Dutch researchers have trained artificial intelligence to accurately predict whether lung nodules detected on low-dose CT will become cancerous, according to new research published Tuesday in Radiology.
Researchers built their program using images of more than 16,000 nodules—including 1,249 malignancies—gathered from the National Lung Screening Trial. AI performed similarly to trained physicians, they noted, and may be useful in helping save time and boost productivity.
“As it does not require manual interpretation of nodule imaging characteristics, the proposed algorithm may reduce the substantial interobserver variability in CT interpretation," senior author Colin Jacobs, PhD, an assistant professor in the Department of Medical Imaging at Radboud University Medical Center in Nijmegen, the Netherlands, said Tuesday. "This may lead to fewer unnecessary diagnostic interventions, lower radiologists' workload and reduce costs of lung cancer screening."
Jacobs et al. validated their AI program on three large imaging data sets from the Danish Lung Cancer Screening Trial. They found “excellent results,” outperforming the established Pan-Canadian Early Detection of Lung Cancer model while going toe-to-toe with four thoracic radiologists and five rad residents.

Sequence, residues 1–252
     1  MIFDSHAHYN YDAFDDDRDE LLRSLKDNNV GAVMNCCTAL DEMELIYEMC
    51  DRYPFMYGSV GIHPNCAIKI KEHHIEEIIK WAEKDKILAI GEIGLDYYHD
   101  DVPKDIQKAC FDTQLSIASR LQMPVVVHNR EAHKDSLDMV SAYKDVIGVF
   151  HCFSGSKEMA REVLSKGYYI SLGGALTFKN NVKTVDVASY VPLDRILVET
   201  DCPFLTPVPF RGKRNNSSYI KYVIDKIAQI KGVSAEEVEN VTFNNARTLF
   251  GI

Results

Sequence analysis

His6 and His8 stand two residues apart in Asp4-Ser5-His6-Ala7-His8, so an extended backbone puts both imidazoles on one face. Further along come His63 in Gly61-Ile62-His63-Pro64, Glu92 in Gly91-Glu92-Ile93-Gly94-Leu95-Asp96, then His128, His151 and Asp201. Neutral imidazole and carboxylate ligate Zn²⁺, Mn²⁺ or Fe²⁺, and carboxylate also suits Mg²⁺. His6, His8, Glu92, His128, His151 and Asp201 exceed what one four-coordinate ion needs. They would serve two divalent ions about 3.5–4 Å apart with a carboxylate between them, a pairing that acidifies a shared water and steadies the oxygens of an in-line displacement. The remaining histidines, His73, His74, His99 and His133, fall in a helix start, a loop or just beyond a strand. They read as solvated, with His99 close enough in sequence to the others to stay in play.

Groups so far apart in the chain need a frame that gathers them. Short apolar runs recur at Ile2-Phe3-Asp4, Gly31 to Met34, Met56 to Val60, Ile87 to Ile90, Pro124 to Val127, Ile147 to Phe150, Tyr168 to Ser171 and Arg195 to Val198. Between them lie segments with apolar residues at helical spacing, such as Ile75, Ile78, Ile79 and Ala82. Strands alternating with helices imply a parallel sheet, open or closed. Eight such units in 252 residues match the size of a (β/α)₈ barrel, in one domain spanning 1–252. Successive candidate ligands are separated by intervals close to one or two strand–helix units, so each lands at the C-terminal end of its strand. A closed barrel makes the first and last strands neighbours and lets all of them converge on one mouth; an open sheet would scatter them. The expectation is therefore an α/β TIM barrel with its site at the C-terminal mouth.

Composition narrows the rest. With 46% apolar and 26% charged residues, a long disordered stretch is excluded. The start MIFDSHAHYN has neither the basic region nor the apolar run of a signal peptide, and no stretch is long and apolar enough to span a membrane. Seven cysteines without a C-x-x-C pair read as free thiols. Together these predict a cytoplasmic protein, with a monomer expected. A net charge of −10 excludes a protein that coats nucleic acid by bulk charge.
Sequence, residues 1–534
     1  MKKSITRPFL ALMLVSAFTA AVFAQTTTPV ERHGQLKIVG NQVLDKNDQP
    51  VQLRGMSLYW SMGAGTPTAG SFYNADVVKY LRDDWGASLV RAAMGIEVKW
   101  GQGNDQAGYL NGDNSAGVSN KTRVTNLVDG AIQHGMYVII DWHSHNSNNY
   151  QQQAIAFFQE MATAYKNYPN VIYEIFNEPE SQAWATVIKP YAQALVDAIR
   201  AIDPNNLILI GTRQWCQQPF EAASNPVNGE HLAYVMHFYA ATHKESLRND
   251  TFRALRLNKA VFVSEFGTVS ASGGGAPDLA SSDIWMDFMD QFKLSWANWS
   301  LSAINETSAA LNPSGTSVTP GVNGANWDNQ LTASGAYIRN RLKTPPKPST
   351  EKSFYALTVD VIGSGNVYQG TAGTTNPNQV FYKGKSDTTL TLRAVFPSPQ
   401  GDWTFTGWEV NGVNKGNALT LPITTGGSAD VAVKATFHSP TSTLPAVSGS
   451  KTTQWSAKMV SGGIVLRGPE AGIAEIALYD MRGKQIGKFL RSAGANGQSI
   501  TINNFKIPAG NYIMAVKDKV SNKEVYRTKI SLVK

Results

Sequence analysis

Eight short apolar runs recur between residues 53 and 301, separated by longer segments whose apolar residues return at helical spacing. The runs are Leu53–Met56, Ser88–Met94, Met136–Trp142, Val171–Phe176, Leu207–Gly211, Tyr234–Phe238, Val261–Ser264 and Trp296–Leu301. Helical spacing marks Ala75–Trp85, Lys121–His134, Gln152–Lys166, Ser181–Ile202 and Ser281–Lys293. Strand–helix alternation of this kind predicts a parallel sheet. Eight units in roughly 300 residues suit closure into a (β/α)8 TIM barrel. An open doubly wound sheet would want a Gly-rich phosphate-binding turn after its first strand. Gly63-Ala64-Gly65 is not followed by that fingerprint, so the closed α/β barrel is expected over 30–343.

The research team will look to improve their algorithm by adding further parameters such as age, sex and smoking history. And while their AI proposal is “highly suitable” for analyzing nodules during the initial CT screening, Jacobs and colleagues are developing a deep learning program that can take multiple exams at input. They hope these improvements can help to detect cancerous nodules at subsequent screenings, track growth and gauge appearance in comparison to the baseline exam.